Featured Letter: An eight-period day is the wrong move

To the editor:

I just returned from out of town and was dismayed to learn that the Riverhead High School “forum” held on March 12, 2015, regarding the decision to reduce the academic day from nine to eight periods was little more than an empty gesture on the part of the administration. A word of caution to the administration: Do not be lulled by the lower-than-expected turnout. Some of us were out of town, while many others (myself included) must work two to three jobs to support our families and pay huge tax bills. 

While I have always been a supporter of Riverhead schools, misguided decisions such as this may cause me to re-evaluate this support in the future, as will many others so angered by the negative impacts the eight-period day is having on our children in the district’s apparent “race to the bottom” pursuit of accommodating the lowest common denominator.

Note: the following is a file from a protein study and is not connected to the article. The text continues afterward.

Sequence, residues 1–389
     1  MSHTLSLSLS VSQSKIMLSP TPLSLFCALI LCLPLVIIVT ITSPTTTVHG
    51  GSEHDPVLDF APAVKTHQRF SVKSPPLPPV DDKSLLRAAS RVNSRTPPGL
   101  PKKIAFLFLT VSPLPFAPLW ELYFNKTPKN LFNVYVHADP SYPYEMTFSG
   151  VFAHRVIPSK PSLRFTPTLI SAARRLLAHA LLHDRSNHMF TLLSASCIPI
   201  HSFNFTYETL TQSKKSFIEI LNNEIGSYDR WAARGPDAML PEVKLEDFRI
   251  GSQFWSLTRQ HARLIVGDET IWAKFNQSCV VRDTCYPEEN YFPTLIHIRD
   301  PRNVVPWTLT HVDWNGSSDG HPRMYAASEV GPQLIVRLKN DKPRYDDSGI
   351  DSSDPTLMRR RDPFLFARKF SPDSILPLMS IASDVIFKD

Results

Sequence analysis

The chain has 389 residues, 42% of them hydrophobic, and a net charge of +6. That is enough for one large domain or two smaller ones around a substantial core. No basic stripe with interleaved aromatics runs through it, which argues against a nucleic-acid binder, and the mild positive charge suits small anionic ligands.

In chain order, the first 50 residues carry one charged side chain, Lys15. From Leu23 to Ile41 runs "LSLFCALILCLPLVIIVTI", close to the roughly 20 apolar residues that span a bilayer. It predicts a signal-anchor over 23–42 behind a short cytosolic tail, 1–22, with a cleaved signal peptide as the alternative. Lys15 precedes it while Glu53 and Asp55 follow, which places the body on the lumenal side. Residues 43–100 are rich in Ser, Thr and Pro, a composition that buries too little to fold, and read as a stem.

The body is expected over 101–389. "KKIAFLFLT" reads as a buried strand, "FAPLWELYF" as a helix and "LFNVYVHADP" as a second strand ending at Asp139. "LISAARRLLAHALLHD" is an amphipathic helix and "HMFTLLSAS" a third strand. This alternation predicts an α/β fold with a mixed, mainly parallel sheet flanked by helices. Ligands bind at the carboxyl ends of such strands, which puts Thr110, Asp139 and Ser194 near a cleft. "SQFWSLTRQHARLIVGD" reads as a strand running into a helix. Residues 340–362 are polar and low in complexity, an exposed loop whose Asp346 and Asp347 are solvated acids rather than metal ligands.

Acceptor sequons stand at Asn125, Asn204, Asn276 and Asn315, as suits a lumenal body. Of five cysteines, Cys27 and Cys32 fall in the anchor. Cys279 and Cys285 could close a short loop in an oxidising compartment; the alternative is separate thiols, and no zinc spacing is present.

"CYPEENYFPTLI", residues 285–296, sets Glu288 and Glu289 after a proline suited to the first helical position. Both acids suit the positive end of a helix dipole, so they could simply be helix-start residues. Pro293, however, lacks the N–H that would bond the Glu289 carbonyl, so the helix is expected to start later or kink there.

Administration knows perfectly well that the decision to go to a nine-period day back in 2006 was done to provide students flexibility in their schedules to take important electives and advanced classes, thereby providing these students many opportunities to distinguish themselves in a highly competitive college admissions process and have a lunch period break, should they so desire. Administration also knows that an additional 180 full periods of instruction offered by a nine-period day would continue to have a far more positive educational impact than six minutes of additional instruction time for each of the eight periods.

As the administration knows, much of our tax bills go to support the school budget, and much of that budget is occupied by teaching staff and administrative salaries. Perhaps this administration needs a reminder that we parents and the rest of the taxpayers do the heavy lifting when it comes to financing the district. They are accountable to us, and we vote long after our children graduate.

Do not underestimate the anger generated by this decision, or the power of the pen, social media and those who know how to wield them.

John Deschamps, Aquebogue